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Mammograms Matter (Transcript)

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Wendy: Yeah I think it’s always a thought that's in the back of everyone’s mind, about getting breast cancer.

Susan: My grandmother passed of breast cancer, my aunt has been diagnosed with breast cancer.

Elayne: I do know people who have had breast cancer, and who have passed away from breast cancer and who have survived breast cancer. And it is a huge concern as a woman.

Joanne Armstrong, MD: Breast cancer is very common. During the course of a woman’s lifetime she has about a 1 in 8 chance of developing breast cancer, so it’s a very common disease for women.

Corinne: I get my mammograms every year, I do self-checks. Very concerned. Too many women have it.

Susan: I would say probably within my smaller group of friends, we’re pretty much educated about the disease and do get yearly mammograms.

Francisca: When I had my first mammogram it was because my doctor mentioned to me that women age 40 should get a mammogram to be screened for breast cancer. Because a mammogram can show a tumor that can be cancerous. And you might have cancer and you might not know it and it cannot be felt. I didn’t feel that I had a tumor on my right breast. It was a surprise because there ws no cancer in my family. It was a big surprise.

Dr. Armstrong: The majority of women who develop breast cancer do not have a family history of breast cancer. Between 70-80% of women who develop breast cancer, in fact, do not have a family history so it’s very important that women understand that the absence of a family history does not protect them from breast cancer.

Corinne: I don’t understand why they’re not getting the mammograms. Do they hurt? Maybe just a little bit.

Mercedes: There’s a little pain but not something you can’t accept. So it’s good.

Susan: The experience is ok, of course the first experience was a little stressful. But besides that it’s definitely needed and a concern for me.

Elizabeth: It was uncomfortable, I mean, come on, it was uncomfortable but it’s not ... women have babies for crying out loud!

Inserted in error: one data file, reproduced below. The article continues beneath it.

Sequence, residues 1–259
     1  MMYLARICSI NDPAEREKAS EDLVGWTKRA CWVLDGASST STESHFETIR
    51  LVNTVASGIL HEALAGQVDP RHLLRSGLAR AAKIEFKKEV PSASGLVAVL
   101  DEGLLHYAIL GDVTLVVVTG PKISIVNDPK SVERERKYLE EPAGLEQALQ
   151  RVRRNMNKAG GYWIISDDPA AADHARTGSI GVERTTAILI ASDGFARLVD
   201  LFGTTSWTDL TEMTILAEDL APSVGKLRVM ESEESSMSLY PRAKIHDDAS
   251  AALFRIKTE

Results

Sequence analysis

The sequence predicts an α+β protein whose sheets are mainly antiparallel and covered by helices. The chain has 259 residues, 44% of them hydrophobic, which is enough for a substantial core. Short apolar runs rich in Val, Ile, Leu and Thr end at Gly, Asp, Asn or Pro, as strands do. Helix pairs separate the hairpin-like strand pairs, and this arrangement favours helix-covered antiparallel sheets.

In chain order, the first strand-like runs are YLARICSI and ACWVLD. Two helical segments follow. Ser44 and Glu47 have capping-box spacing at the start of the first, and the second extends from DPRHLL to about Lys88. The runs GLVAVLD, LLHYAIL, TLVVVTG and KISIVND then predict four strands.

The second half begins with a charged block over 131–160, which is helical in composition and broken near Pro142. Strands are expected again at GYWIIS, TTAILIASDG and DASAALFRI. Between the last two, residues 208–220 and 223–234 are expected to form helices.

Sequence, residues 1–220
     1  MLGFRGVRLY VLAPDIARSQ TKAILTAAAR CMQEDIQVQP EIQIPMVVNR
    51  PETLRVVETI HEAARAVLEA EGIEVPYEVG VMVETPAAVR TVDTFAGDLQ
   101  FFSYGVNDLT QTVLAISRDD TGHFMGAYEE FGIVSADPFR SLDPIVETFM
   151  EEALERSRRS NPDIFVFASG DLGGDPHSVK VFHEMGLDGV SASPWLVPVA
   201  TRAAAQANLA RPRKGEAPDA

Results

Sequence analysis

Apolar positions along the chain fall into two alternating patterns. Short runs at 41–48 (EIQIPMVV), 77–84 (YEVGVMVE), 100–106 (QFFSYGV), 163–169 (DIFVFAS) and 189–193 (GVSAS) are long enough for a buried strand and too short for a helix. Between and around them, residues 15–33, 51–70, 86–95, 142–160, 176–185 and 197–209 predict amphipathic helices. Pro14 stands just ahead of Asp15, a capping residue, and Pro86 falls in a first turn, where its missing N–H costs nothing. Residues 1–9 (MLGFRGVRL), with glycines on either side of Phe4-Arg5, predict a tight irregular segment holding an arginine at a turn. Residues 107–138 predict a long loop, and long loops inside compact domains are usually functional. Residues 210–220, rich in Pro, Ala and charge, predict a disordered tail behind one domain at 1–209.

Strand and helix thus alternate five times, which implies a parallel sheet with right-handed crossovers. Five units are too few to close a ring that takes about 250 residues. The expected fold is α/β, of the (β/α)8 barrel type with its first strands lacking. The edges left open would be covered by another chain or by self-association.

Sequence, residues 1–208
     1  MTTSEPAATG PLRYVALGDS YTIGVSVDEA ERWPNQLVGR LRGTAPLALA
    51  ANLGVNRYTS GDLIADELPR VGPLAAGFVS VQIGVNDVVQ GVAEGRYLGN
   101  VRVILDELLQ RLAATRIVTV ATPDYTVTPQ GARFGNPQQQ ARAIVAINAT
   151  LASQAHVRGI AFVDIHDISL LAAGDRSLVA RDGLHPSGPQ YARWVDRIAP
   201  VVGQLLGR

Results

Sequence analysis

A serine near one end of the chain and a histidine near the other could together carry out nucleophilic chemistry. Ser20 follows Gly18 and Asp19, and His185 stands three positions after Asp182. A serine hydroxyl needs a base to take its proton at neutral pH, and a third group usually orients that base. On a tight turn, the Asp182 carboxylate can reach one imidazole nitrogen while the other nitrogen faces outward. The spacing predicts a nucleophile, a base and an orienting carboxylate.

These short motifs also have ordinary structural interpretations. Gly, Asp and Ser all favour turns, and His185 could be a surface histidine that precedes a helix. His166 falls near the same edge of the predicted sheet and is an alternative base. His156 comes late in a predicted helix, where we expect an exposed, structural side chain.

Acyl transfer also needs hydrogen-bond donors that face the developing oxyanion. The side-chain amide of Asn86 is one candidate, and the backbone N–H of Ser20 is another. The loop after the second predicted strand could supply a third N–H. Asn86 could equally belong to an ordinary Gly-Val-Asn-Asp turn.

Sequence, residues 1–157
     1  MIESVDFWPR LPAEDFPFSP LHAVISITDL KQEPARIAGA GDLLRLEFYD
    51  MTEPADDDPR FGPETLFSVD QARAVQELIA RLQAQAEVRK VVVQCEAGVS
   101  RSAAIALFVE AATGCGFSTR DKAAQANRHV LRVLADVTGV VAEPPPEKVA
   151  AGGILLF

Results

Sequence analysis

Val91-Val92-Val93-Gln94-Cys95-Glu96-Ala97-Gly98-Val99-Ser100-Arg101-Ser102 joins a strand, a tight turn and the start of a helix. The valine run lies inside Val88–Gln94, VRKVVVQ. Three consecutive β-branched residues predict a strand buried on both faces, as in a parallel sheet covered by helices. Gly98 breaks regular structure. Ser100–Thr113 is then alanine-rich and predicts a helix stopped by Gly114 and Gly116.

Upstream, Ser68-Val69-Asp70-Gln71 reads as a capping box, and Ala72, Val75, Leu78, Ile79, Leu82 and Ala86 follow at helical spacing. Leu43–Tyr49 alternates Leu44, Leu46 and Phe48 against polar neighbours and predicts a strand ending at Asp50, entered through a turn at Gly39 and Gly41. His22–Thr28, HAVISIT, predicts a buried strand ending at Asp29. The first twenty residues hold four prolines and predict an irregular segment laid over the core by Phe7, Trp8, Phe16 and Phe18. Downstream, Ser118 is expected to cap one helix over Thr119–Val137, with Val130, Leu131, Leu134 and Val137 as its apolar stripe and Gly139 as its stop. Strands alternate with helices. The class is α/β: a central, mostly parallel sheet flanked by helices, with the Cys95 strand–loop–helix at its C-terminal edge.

Sheri: Mammograms are uncomfortable, but it’s pretty quick and the technicians are usually very nice and understanding. And it’s not embarrassing; they are as gentle as they can be and patient and I’ve never had a bad experience.

Dr. Armstrong: There are some things that women can do to minimize the discomfort of the compression that’s associated with the mammogram. For example avoiding scheduling a mammogram during your period or the week before your menstrual period is helpful. Scheduling it after your menstrual period will minimize the amount of discomfort that you experience during a mammogram.

Elayne: I think one of the reasons women do not get mammograms is if they’re not covered by their insurance.

Susan: Financial resources and health insurance is the key to early detection and knowledge about the disease and follow-up.

Mercedes: You know you can check in your community because at some places they have free tests. So it’s something free, you pay nothing to prevent something, so it’s good.

Elizabeth: There are free mammograms for the uninsured and the underinsured. You have to do some research but if you call the American Cancer Society, or go to their web site, you can contact, and they will do the research for you to see where there are free mammograms in your area.

Corinne: You know what? Don’t be afraid to find out because the sooner you find out the more chances you have that it can be taken care of.

Sheri: I’ve had three biopsies because of my past history, and I’m really glad that I was having my mammograms because it wasn’t anything, it was calcifications, thankfully, but because of the mammograms I was able to check that out.

Francisca: It has to be yearly because, I mean, things change from one year to another. That’s what happened to me, I mean, my first year when I went to take the mammogram the results were negative and then the next year they were positive. So it can be the next time or it can not be the next time, I mean, you never know.

Dr. Armstrong: Most women do take part in mammography and that’s a huge public health success story. There’s still a significant number of women who don’t get mammography and those are the women we have to reach out to.

Corinne: The earlier they catch it the easier they can get rid of it. If they catch it late…the ramifications of a late check are deadly.

Francesca: You love yourself, you love your family. It’s something you need to do for you and your family.

Elizabeth: Give yourself a chance to live. You know? I mean, just go get the mammogram.


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